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Re: issue tracking options

From: Yoni Rabkin
Subject: Re: issue tracking options
Date: Sun, 27 Nov 2022 20:02:54 -0500
User-agent: Gnus/5.13 (Gnus v5.13) Emacs/28.2 (gnu/linux)

Björn Bidar <bjorn.bidar@thaodan.de> writes:

> Yoni Rabkin <yoni@rabkins.net> writes:
> Hey,
> I started using Emms recently and thought of the same.
>> Emms has never had an issue/bug/feature tracker. But I want people to be
>> able to see what issues are currently being addressed, and the
>> direction/s Emms is going.
> That would be good, updating the website for such things would also
> help.
> Plus the webfrontend for the mailinglist is to out date, a more modern
> frontend such as mailman3 would help.
>> The Savannah issue tracker is Web-based, old, clunky, and centralized. I
>> have no intention in using it, and I certainly don't want to force
>> others to deal with what I don't want to deal with.
>> I think that we can manage with a git repo which contains an issue list
>> as a text file: bullet-proof, fast, doesn't require a web browser,
>> decentralized, in-line with the way Emms itself is being developed.
>> However, I don't think that Savannah will allow me to open a separate
>> git repo; they only have two per-project, and the other one is for the
>> site (and runs CVS... oof.)
> You have can have separate branches that don't share the same root
> commit.

Maybe I don't understand how "orphan" branches work with git, but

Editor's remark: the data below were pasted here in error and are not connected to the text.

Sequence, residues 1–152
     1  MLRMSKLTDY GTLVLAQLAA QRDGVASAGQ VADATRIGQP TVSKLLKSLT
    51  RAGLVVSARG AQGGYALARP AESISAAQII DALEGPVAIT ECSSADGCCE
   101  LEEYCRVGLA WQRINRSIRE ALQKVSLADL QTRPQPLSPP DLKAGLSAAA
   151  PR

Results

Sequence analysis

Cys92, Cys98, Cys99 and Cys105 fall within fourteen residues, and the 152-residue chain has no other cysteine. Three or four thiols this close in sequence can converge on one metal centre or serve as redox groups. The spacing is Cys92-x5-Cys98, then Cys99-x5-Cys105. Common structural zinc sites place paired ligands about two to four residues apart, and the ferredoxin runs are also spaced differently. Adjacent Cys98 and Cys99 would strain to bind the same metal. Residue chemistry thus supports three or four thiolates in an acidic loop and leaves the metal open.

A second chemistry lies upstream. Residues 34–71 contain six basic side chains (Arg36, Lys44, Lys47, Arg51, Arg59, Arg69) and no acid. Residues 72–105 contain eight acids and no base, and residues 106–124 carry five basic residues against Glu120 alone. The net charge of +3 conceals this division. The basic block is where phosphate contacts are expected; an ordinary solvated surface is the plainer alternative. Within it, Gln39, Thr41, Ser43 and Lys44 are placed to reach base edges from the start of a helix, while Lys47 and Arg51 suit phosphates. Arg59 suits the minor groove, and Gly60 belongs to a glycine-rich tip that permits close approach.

wouldn't that mean that when someone wants to update or view the issues,
they would have to switch to the orphan branch, and that would remove
all of the project files from the directory until they switch back?

That sounds inconvenient.

> However using Git for such use cases sounds like a nightmare for several
> reasons:
> 1. User friendly ness especially for beginners.
> 2. Conflicts

Yes, you are right.

On the other hand, beginners usually don't write into bug systems
either. Even mailing lists are hurdles for beginners. I typically have
to ask people to write into the mailing list.

> 3. The need for a predefined format, layout.

I'm not too worried about that. I think that one that works will
evolve. In any case, text files are super easy to search.

> 4. Lack of links between  bugs for things such as dependencies.

Very true. Links and the ability to attach files would be useful.

> While Debuggs isn't that good for anyone that doesn't use Email it is
> the closest one that I would think of as useful and easiest to setup.

How would you maintain a roadmap, or other development documents, via

What do other people here think? Which, if any, of the following options
would you be willing to work with for issue tracking for Emms?

I. a text file such as doc/issues.txt

II. a text file such as doc/issues.txt in a separate "issues" branch

III. debbugs

IV. a separate git repo

   "Cut your own wood and it will warm you twice"

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